# I'm trying to solve the following problem. Let f be an integrable function in (0,1). Suppose th letumsnemesislh 2022-07-01 Answered
I'm trying to solve the following problem.
Let $f$ be an integrable function in (0,1). Suppose that
${\int }_{0}^{1}fg\ge 0$
for any non negative, continuous $g:\left(0,1\right)\to \mathbb{R}$. Prove that $f\ge 0$ a.e. in (0,1).
I'm a little unsure on what it is that I must prove in order to conclude that $f\ge 0$. I tried to show that ${\int }_{0}^{1}{f}^{2}\ge 0$ but I couldn't get very far.
I'm seeking hints on how to solve this. Thanks.
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Suppose that $A\subset \left(0,1\right)$ is measurable, is of positive measure and $f<0$ on $A$. The idea is that we want to construct a continuous function $g$ such that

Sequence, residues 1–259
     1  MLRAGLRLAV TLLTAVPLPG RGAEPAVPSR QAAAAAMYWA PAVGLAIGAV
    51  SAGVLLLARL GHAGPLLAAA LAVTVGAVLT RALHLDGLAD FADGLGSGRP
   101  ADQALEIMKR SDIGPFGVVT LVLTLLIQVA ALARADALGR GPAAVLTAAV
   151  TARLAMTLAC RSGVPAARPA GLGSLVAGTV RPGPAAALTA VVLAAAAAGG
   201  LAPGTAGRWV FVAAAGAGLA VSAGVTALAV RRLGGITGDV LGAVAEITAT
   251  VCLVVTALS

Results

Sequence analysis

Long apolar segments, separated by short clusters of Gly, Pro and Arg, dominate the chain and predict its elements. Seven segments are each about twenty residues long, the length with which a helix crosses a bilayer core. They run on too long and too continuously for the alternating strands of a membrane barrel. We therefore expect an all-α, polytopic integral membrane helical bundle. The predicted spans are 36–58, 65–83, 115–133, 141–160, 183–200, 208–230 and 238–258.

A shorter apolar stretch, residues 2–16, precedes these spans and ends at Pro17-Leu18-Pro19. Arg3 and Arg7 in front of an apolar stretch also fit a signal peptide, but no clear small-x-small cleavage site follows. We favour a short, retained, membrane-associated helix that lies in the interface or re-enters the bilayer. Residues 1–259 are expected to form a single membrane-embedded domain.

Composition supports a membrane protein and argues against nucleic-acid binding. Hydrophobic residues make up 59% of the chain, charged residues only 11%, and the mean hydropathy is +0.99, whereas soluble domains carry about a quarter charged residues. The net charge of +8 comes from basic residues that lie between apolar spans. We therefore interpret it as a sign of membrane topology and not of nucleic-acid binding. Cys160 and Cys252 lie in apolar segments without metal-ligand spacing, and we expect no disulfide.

${\int }_{0}^{1}fg\phantom{\rule{thinmathspace}{0ex}}dx<0.$
A logical way to do this would be to choose $g$ such that $g⩾0$ in $A$ and $g=0$ on $\left(0,1\right)\setminus A$. However, since $A$ is only a measurable set, in general $g$ will be discontinuous.
There exists a (relatively) closed set $F\subset A$ such that $|A\setminus F|<ϵ$. Choosing $ϵ=|A|/2>0$, we have that
$|F|=|A|-|A\setminus F|=|A|/2>0.$
Since $|F|>0$, the interior of $F$ is nonempty. Thus, there exists an open set $U$ compactly contained in the interior of $F$ (just take a small ball for example). Define $g$ such that $g$ is continuous, nonnegative, $g=0$ in $A\setminus F$, and $g=1$ in $U$. Then
$\begin{array}{rl}{\int }_{0}^{1}fg\phantom{\rule{thinmathspace}{0ex}}dx& ={\int }_{F}fg\phantom{\rule{thinmathspace}{0ex}}dx\\ & ={\int }_{U}f\phantom{\rule{thinmathspace}{0ex}}dx+{\int }_{F\setminus U}fg\phantom{\rule{thinmathspace}{0ex}}dx\\ & ⩽{\int }_{U}f\phantom{\rule{thinmathspace}{0ex}}dx\\ & <0.\end{array}$
This completes the proof.